On September 3, 2014, FoodCorps volunteers worked in the Burgess Peterson Academy garden. They will be helping work and improve the school garden over the next year. The garden is an extension to classroom learning and also is working to offer fresh garden items to the school’s cafeteria.
Georgia Organics applied to the FoodCorps organization to serve as host for their organization here in the State of Georgia. Through a 15-page application, Georgia Organics had to explain why Georgia needed the FoodCorps program. FoodCorps (https://foodcorps.org/) has worked successfully to connect farms and schools across the United States. “Georgia Organics had to compete with 17 other states,” said a representative from Georgia Organics.
Michele Rice, an avid volunteer for the Burgess Peterson Academy School garden, has worked around 300 hours per year improving and serving as a teacher to the students for the gardening program. As a master gardener, Michele gives of her time to invest in future generations.
One Georgia Organics representative made the comment, “Where are Home Economics classes anymore?” It makes one stop and meditate on the reality that our students have to depend on volunteers to teach everyday living necessities in today’s education curriculum compared to not so many years ago when Home Economics was a required course, especially for young ladies.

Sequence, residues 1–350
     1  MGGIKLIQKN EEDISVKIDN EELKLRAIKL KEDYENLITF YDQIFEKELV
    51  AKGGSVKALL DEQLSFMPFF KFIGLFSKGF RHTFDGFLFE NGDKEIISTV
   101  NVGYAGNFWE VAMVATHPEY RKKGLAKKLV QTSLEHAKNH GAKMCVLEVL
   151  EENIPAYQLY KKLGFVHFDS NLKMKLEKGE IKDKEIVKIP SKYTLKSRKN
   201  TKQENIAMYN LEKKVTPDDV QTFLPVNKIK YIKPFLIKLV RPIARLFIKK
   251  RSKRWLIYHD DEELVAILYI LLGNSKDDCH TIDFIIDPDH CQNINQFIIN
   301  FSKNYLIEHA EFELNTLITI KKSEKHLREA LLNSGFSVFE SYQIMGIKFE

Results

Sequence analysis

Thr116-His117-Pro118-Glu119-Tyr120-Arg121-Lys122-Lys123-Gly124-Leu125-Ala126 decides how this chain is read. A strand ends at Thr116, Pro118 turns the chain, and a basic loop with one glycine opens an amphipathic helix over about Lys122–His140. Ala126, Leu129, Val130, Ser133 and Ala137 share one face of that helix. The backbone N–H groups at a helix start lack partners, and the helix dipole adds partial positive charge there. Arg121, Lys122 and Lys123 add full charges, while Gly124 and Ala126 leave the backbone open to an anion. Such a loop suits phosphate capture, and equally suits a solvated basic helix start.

Not only herbs, vegetables, and fruits beautify the garden area, but chickens also occupy the area. A classroom is appointed to care for the chickens every week. The week a classroom has responsibility for the chickens, the students are given the opportunity to vote on the plight of the eggs. The Spanish teacher made name tags from old blinds Michele found on the side of the road. One side is the English name for the plant and the other side is in Spanish. All classes, including mathematics, are finding ways to incorporate the gardening experience into the classroom with creative projects.
Michele’s faithful assistant, Chike Ain, loves getting into the dirt with the students and helps coordinate the garden efforts. A physical education teacher for the school started the program several years ago before taking a teaching position in the Netherlands leaving Michele to continue the project. From there an orchard was designed at the back of the school which includes an outdoor classroom. A pawpaw tree, indigenous to the U.S., is right in the mix of fig trees and other assorted fruit trees. The students can now sing the old children’s song, “Pickin' up pawpaws and putt’em in your pocket,” and actually know what a pawpaw looks like (https://www.youtube.com/watch?feature=player_embedded&v=0P-xESpk7Q0).
Another teacher from Burgess Peterson Academy applied for a WaterWise grant (www.grantsgardens.com/waterwise) and won, allowing for a rain water collection unit to be installed for the orchard. The school is truly on their way to becoming a sustainable school.
Representatives from the Captain Plant Foundation (http://captainplanetfoundation.org/), Laura Turner Seydel and Leesa Carter were on hand to give their support along with the host, Georgia Organics (http://georgiaorganics.org/about-us/). They have committed in working together for the success of the project.